RCMP used 'excessive force' at Quebec summit: report

RCMP used 'excessive force' to control crowds at Summit of Americas in Quebec City in 2001, says interim report of public watchdog group

Some RCMP officers were too aggressive with protesters at the Summit of the Americas conference in Quebec City 2 years ago, according to an interim report by a watchdog group.

Mounties did not give demonstrators enough warning before firing tear gas to break up a crowd, says the Commission for Public Complaints Against the RCMP. Several hours of videotape were reviewed as part of the investigation.

"RCMP members used excessive and unjustified force in releasing tear gas to move the protesters when a more measured response could have been attempted first," concludes Shirley Heafey, the group's chair.

She recommends officers be given better instructions for dealing with crowds, that action be taken against some Mounties, and that an apology be issued to demonstrators.

Her 15-page interim report has been forwarded to RCMP Commissioner Giuliano Zaccardelli, who will study it before sending a response to the public complaints body. Heafey will then issue a final report.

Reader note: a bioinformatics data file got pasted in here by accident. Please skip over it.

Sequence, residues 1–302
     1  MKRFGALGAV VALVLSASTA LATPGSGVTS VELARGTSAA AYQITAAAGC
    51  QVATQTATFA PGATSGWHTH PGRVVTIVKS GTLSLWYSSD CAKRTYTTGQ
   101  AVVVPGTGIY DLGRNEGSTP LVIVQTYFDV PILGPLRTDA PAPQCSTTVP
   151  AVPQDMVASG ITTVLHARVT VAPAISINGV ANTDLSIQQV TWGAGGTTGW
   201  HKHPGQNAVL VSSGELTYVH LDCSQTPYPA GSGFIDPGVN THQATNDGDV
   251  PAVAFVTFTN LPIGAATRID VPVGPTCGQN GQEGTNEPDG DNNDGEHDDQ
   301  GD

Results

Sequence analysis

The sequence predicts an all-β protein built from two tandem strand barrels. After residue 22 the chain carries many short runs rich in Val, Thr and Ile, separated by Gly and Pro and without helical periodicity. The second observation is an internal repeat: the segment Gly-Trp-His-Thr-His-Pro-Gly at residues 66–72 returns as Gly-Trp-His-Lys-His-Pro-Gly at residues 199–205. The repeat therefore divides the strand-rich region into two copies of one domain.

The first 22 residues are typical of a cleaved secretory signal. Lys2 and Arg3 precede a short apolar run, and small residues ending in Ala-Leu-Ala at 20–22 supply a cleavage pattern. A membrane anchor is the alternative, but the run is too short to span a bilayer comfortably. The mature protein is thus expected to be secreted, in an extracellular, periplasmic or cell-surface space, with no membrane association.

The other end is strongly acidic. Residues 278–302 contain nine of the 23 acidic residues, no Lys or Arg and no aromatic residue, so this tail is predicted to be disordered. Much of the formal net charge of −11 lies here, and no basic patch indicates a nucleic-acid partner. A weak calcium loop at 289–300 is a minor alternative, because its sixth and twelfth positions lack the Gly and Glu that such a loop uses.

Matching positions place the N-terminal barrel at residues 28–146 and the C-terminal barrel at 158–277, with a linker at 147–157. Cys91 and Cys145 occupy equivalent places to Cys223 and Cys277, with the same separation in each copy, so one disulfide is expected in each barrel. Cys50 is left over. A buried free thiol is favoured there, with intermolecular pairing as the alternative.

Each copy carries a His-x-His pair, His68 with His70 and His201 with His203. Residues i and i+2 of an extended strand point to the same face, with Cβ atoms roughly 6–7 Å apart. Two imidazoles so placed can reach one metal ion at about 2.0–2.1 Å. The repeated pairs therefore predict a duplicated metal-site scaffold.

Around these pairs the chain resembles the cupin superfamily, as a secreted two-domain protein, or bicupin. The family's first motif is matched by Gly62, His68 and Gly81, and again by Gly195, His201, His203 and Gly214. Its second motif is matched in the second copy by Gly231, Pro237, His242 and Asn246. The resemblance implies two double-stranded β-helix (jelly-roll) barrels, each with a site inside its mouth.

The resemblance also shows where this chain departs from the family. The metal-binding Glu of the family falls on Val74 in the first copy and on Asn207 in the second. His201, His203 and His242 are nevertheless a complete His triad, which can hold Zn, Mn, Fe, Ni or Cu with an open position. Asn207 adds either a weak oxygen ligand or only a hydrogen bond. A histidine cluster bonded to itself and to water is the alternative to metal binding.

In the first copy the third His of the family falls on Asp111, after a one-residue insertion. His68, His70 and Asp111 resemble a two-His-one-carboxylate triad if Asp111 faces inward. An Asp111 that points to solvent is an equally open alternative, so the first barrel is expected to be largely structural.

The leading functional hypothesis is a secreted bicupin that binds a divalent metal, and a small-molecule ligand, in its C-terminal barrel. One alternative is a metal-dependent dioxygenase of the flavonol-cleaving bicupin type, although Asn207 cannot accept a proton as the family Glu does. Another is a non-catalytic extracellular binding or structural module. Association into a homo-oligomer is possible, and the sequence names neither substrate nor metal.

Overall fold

The complaint was launched by NDP MP Svend Robinson, who was one of the people hit by tear gas outside the Summit of the Americas in Quebec in April 2001. He also said he was hit in the leg with a rubber bullet, although Heafey was not able to confirm the allegation.

"This report is a damning indictment of the gross abuse of power by the RCMP 'O' Division tactical troop in attacking peaceful protesters in total contempt of the law and their own procedures," Robinson said in a statement.

"Such abuse of police power in a democracy is an outrage. In response to the initial RCMP whitewash of my complaint, the Commission has issued a powerful rebuke to the RCMP," the MP said. He encourages any protesters "illegally attacked" by the Mounties to sue.

Security was extremely tight at the summit. World leaders met behind a wall of concrete and wire. Most of the protesters outside were peaceful, although some pushed down part of the barricade and threw rocks and other objects at police.